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The key to ending extreme poverty is…passion?

The key to ending extreme poverty is…passion?

There is a famous Saturday Night Live clip with alumni and actors like Jimmy Fallon, Will Ferrell and Christopher Walken. Watch below:

The catchphrase “more cowbell” became cultural zeitgeist in the early 21st century. Pre-Facebook, pre-Twitter, pre-Kardashians. It became part of my vocabulary, randomly dropped into conversations with friends during the heady days of high school. Yep. I was still in high school when this sketch aired.

Gotta have more passion?

At a recent conference in Melbourne hosted by Monash University and the Australian Council for International Development, I had the privilege of being part of the closing plenary (in addition to WhyDev co-hosting and organising a Student Forum). My focus was on the next generation of development practitioner and higher education.

I suggested, among other things, that we don’t really know what we want from graduates in terms of attributes, competencies and employability. In particular, I have a gripe with “passion,” which was highlighted at this year’s Devex Career Forum. When a panel was asked what the sector is looking for in talent, one of the top two attributes identified was…passion.

I’m not convinced that passion is a key attribute that we should be looking for in graduates and job applicants. But, I’m willing to be convinced otherwise or have my bias reinforced.

So, I have a simple question that I would like to crowdsource:

Featured image shows stones stamped with “passion.” Photo from DeviantArt.

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Brendan Rigby

Managing Director & Co-founder at WhyDev
Brendan is an education specialist and co-founder of WhyDev. He is currently a PhD candidate at the University of Melbourne’s Graduate School of Education exploring complementary basic education and the literacy practices of out-of-school children in northern Ghana. Formerly, he was an Education Officer with UNICEF Ghana, and Director of Venture Support with StartSomeGood. Brendan has also been an education consultant and trainer for Plan, UNICEF, ScopeGlobal and the Victorian Curriculum and Assessment Authority. He is obsessed with tea, American football and karaoke.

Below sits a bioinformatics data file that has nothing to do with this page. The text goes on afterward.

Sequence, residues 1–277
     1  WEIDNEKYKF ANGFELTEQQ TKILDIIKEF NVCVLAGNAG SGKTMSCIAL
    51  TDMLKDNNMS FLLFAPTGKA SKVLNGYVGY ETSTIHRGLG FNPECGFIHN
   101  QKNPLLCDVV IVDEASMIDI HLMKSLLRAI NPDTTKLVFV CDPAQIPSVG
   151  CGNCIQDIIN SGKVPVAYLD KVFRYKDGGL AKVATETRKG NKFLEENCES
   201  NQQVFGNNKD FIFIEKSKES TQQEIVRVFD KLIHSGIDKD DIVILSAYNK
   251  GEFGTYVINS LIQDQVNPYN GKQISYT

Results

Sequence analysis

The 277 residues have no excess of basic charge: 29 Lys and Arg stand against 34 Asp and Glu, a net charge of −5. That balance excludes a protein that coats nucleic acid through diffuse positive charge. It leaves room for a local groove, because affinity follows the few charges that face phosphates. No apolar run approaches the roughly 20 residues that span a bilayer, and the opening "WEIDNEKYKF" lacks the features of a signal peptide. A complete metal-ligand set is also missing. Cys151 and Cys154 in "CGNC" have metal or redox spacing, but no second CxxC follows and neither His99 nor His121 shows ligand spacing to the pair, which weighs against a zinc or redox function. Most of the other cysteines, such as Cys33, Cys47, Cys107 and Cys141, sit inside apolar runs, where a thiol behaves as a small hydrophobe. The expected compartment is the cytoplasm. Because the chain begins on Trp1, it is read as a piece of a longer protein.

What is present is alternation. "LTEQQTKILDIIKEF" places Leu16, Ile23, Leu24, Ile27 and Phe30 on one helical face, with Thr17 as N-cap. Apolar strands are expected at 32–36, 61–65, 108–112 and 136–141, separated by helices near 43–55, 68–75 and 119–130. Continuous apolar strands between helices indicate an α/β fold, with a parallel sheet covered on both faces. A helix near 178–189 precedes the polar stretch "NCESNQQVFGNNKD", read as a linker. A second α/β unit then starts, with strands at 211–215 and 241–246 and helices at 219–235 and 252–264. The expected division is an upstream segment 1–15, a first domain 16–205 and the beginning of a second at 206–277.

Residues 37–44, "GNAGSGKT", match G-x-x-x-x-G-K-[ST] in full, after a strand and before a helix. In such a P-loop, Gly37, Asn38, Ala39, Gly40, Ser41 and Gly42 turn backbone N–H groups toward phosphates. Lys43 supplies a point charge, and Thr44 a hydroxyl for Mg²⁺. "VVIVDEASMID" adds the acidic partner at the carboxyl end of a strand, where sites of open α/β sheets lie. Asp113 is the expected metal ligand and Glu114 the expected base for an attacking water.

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8 thoughts on “The key to ending extreme poverty is…passion?

  1. J.

    What Cynan said.

    “You need passion…” sounds like something that INGO mid-level HR staff say when they get stuck speaking at career conferences.

    1. Amplified x1000 when 100 mid-level HR staff say the same phrase year-in, year-out. Lazy.

  2. Of all the interview panels I’ve sat on, I can tell you how many had ‘passion’ as a selection criteria… zero. As Amanda above said: passion for what?

    I’d rather employ someone who can demonstrate relevant competence plus professionalism (maturity?), than giving priority to “passion”.

    By the way your googleform isn’t working Brendan – “You need permission. This form can only be viewed by users in the owner’s organization.”

    1. Thanks Cynan. Form fixed.

      I agree, but hear it so much that I’m afraid it is part of the selection criteria.

  3. Anna V

    My question is: Passion for what? For participatory program design? For artisan cheesemaking?

    I believe that any endeavor is better when there is passion behind it. Yet referring to ‘passion’ without any qualifier or specificity just empties out the word. It can now be added to a long list of buzzwords that become popular because ambiguous placeholders are easier to deal with than meaty, potentially controversial values and concepts.

    Maybe you’re right. If employers don’t really know what they want, ‘passion’ is a handy placeholder.

    1. Exactly. When someone says, “I’m passionate about child labourer”, it causes me to pause. Is that something to be passionate about, or are they passionate about ending it? English, right?

  4. Passion is great (and can certainly help you be more resilient when you get really frustrated with your work, which is bound to happen in any sector), but I’d much rather add new colleagues to my team with skills that help us all work better and get the job done.

    Those could include (depending on the job):
    – being a strong technical writer
    – writing for external communications
    – a good design sense for presentations
    – data visualization
    – data analysis (quant or qual)
    – program management
    – ability to prioritize effectively and manage an ever changing work load
    – solid interpersonal skills
    ….I could go on.

    I would also note that at the end of the day, liking your colleagues and enjoying working with them goes really far – so being a generally approachable, thoughtful person may also trump “passion for the work” in my book.

    (Those are my personal thoughts and are not meant to represent any corporate hiring ideology from my employers past or present)

    1. Thanks Amanda. Writing, interpersonal skills, management. I think these three alone are oh so key. Particularly, being able to work with other people and relationships.

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